Diverse Group of Raleigh Residents Meet to Promote Unity
Posted December 9, 2006
At the breakfast, Raleigh community members representing different segments of the population attempted to find common ground. Their faces reflected a diverse city in which 40 percent are people of color.
"We've been too divided," said Khalila Sabra of the Muslim American Society. "Some of us have been isolationists, and we need those moments to show that we have more in common than we don't have in common."
"It opens doors, it gives everyone an opportunity for people to confront the city on an official level and a social level," said Muallah X with Black Workers for Justice
City employees served up breakfast at North Carolina State University's McKimmon Center, while about 200 people dished out their issues during a Q&A session.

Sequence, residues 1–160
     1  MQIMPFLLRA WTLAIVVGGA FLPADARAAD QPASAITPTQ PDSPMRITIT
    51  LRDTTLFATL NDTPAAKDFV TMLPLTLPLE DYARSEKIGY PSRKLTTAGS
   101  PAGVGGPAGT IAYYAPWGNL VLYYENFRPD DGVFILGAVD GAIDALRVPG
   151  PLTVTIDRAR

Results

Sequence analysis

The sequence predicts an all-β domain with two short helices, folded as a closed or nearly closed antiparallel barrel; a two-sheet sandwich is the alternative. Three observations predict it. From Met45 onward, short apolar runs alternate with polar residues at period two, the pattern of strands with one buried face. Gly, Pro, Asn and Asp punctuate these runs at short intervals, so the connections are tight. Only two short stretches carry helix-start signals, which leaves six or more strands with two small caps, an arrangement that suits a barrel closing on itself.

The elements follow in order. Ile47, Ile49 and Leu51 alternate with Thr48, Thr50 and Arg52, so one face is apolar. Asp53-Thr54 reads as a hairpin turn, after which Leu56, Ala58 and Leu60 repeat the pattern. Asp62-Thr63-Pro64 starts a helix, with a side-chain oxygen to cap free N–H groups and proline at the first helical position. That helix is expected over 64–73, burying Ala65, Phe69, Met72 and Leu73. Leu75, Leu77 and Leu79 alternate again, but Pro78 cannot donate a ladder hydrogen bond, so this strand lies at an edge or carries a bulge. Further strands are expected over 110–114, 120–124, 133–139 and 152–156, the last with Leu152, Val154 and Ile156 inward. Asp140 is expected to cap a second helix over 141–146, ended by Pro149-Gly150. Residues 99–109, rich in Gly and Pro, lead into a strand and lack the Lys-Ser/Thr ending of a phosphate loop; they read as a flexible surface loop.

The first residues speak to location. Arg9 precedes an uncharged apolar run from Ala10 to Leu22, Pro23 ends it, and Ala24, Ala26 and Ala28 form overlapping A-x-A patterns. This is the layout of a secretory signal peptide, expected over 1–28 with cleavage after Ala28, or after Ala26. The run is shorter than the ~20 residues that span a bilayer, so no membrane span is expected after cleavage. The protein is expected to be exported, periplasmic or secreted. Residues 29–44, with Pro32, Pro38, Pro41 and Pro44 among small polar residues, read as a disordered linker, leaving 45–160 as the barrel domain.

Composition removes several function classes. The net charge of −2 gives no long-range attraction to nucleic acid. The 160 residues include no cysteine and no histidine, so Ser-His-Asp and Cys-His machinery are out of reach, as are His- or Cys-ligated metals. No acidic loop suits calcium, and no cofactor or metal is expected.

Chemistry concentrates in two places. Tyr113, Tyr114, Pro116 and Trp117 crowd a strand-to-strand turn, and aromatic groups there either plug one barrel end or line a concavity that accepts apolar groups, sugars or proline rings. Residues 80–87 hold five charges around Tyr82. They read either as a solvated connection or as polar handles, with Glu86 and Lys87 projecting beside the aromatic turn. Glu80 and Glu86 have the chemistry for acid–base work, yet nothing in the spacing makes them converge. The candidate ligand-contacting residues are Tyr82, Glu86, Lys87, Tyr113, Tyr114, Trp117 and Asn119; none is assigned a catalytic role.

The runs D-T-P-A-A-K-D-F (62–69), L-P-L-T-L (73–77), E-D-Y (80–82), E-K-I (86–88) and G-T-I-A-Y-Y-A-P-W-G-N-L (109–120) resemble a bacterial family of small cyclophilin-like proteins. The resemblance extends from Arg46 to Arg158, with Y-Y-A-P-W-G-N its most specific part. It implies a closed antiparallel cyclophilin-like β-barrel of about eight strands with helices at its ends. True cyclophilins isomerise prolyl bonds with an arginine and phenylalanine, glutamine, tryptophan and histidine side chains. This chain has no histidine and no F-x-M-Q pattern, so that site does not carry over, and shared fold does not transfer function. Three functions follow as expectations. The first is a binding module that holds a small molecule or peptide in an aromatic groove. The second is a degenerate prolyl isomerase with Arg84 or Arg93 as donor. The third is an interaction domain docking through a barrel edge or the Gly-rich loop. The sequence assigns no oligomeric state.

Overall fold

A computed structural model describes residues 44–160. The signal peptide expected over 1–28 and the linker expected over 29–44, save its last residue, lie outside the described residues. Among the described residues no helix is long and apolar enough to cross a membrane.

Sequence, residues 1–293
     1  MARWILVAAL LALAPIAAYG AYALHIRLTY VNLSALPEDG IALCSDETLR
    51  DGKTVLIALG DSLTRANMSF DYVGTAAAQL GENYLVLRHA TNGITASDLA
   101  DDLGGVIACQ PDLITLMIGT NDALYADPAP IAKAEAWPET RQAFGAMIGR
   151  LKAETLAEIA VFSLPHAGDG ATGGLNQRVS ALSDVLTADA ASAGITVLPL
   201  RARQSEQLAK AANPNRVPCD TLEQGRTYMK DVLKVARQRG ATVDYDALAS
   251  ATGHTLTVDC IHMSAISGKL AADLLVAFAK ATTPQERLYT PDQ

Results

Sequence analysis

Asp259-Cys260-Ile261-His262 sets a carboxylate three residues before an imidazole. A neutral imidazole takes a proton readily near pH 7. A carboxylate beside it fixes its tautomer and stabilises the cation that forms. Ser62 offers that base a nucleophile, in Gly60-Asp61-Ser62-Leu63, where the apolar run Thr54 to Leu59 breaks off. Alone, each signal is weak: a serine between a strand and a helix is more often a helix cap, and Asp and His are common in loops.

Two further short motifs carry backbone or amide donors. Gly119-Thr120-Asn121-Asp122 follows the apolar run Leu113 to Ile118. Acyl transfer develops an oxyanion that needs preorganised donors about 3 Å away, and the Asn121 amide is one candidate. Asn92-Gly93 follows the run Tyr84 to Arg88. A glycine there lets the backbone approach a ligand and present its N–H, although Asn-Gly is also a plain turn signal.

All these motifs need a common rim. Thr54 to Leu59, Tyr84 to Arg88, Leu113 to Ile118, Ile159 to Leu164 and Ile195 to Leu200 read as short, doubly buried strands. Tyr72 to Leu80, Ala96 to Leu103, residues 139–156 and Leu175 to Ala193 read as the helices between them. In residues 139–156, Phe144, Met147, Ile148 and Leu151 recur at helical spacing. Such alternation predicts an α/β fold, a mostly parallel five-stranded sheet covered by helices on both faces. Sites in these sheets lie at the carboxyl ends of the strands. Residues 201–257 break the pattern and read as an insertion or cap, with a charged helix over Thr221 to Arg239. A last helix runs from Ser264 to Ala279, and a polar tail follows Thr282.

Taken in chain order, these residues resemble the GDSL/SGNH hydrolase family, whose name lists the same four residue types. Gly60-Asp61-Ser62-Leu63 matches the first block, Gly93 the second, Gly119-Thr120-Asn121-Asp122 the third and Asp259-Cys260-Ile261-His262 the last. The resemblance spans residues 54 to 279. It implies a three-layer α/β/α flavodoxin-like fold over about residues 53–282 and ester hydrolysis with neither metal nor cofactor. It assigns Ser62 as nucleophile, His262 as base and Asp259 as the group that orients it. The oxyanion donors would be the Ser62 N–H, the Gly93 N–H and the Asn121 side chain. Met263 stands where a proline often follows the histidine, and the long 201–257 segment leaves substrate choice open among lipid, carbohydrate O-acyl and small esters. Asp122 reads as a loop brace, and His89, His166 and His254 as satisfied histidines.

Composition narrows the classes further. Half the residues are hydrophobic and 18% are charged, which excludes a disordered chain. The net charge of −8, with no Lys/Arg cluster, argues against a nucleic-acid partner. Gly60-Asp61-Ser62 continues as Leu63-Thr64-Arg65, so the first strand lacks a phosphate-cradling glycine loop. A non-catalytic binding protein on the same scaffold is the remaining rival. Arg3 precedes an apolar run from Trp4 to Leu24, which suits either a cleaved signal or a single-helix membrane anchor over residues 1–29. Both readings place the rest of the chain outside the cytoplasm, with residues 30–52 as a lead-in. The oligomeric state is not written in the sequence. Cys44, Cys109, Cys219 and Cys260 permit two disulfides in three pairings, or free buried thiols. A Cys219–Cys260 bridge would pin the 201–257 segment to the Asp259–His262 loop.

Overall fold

"The laws have been tougher against immigration," said Rev. Luis Rivas with New Hope Baptist Church. "The situation's changing, and is there a plan to integrate the Hispanic population?"
"We need to get leaders of that community to try and get more people involved," Meeker said. "To be telling, in part, what's expected of families here and how we can contribute."
Raleigh leaders promised that the move toward greater unity is more than just talk. In breakout sessions, people discussed details about how raleigh can improve race relations. Their ideas will go straight to the city's Human Rights Commission.
"Probably in the next two to three months, have a chance to gather information, filter it, summarize it, and as a commission get some recommendations and present it to the city council," said Todd Kennedy with the commission.
The city of Raleigh spent approximately $2,800 to host the breakfast. Meeker said he plans to make it an annual event.